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When good investments go bad: the contraction in community bank lending after the 2008 GSE takeover

  • Tara Rice
  • Jonathan Rose
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    In September 2008, the government-sponsored enterprises (GSEs) Fannie Mae and Freddie Mac were placed into conservatorship and dividend payments on common and preferred shares were suspended. As a result, share prices fell to nearly zero and many banks across the country lost the value of their investments in the preferred shares. We estimate more than 600 depository institutions in the United States were exposed to at least $8 billion in investment losses from these securities. In addition, fifteen failures and two distressed mergers either directly or indirectly resulted from the takeover. Since these GSE investments were considered to be safe investments by banks, regulators, and rating agencies, we consider these losses to be exogenous shocks to bank capital, and use this event to examine the relationship between community bank condition and lending during this crisis. We find that in the quarter following the takeover of Fannie Mae and Freddie Mac, the measured Tier 1 capital ratio at exposed banks fell about three percent on average, and loan growth at exposed banks with median capitalization was about 2 percentage points lower compared to other banks in the following quarter. Consequently, considering the set of community banks that incurred about $2 billion in GSE-related losses, and assuming that each bank reduced loan growth by 2 percentage points, the estimated aggregate lending drop among these banks would be roughly $4 billion. .

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    File URL: http://www.federalreserve.gov/pubs/ifdp/2012/1045/default.htm
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    File URL: http://www.federalreserve.gov/pubs/ifdp/2012/1045/ifdp1045.pdf
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    Paper provided by Board of Governors of the Federal Reserve System (U.S.) in its series International Finance Discussion Papers with number 1045.

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    Date of creation: 2012
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    Handle: RePEc:fip:fedgif:1045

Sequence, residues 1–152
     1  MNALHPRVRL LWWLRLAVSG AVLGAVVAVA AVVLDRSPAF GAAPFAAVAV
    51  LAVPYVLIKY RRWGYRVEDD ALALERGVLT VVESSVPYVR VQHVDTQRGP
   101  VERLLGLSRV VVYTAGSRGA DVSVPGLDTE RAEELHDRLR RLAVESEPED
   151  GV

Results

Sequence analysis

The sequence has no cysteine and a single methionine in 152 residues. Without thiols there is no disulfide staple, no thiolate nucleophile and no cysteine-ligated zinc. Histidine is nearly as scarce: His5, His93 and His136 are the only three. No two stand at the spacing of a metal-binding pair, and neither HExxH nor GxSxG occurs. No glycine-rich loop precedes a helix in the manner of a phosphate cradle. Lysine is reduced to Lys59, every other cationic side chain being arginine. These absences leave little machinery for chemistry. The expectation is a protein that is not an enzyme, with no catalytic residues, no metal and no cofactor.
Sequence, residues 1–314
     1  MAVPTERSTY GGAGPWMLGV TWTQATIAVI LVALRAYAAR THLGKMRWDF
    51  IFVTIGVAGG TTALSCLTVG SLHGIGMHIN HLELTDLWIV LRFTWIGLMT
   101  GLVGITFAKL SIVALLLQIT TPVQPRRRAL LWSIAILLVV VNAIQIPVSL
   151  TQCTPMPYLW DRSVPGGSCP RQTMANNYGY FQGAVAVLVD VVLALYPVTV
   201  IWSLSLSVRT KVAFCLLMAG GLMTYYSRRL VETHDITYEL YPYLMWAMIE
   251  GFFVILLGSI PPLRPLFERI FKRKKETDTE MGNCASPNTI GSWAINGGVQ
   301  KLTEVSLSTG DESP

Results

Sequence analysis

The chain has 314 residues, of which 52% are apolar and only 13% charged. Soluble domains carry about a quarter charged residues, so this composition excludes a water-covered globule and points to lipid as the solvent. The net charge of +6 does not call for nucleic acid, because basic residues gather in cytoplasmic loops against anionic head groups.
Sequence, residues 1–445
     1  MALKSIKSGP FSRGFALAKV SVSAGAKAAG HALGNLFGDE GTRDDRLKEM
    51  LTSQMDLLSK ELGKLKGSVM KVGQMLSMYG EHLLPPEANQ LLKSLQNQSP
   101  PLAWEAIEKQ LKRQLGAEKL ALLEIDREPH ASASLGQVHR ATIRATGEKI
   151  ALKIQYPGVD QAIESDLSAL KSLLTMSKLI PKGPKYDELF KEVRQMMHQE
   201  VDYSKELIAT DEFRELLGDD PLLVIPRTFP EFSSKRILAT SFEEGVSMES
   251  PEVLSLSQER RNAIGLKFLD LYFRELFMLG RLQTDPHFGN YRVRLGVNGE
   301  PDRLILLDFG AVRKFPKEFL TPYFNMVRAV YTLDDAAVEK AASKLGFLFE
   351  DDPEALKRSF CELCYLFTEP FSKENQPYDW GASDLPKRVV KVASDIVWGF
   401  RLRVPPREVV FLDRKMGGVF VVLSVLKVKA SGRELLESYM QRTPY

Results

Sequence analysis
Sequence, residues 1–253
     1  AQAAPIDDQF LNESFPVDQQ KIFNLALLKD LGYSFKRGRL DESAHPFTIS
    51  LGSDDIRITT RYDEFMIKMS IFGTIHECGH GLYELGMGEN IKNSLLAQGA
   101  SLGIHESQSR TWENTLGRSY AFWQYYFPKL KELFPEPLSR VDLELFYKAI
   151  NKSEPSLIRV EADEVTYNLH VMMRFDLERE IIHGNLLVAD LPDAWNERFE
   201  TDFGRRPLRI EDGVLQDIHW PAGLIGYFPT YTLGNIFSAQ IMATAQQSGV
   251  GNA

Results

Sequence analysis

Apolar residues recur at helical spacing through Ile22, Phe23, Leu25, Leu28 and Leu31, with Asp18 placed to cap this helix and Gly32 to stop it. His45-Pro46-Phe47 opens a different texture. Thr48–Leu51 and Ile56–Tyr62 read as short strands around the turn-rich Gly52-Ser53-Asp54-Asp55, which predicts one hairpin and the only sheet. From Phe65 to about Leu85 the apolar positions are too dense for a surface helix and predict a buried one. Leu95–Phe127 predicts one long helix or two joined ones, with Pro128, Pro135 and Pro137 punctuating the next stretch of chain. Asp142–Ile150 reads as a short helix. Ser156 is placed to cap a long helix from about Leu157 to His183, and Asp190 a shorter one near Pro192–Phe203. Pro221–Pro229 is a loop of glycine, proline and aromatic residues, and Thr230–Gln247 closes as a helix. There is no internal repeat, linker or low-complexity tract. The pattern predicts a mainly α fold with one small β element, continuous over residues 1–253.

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    1. Peek, Joe & Rosengren, Eric S & Tootell, Geoffrey M B, 2003. " Identifying the Macroeconomic Effect of Loan Supply Shocks," Journal of Money, Credit and Banking, Blackwell Publishing, vol. 35(6), pages 931-46, December.
    2. Puri, Manju & Rocholl, Jörg & Steffen, Sascha, 2011. "Global retail lending in the aftermath of the US financial crisis: Distinguishing between supply and demand effects," Journal of Financial Economics, Elsevier, vol. 100(3), pages 556-578, June.
    3. Bernanke, Ben S, 1983. "Nonmonetary Effects of the Financial Crisis in Propagation of the Great Depression," American Economic Review, American Economic Association, vol. 73(3), pages 257-76, June.
    4. Nada Mora & Andrew Logan, 2012. "Shocks to bank capital: evidence from UK banks at home and away," Applied Economics, Taylor & Francis Journals, vol. 44(9), pages 1103-1119, March.
    5. Ben S. Bernanke & Alan S. Blinder, 1988. "Credit, Money, and Aggregate Demand," NBER Working Papers 2534, National Bureau of Economic Research, Inc.
    6. Raj Aggarwal & Kevin T. Jacques, 1998. "Assessing the impact of prompt corrective action on bank capital and risk," Economic Policy Review, Federal Reserve Bank of New York, issue Oct, pages 23-32.
    7. Chava, Sudheer & Purnanandam, Amiyatosh, 2011. "The effect of banking crisis on bank-dependent borrowers," Journal of Financial Economics, Elsevier, vol. 99(1), pages 116-135, January.
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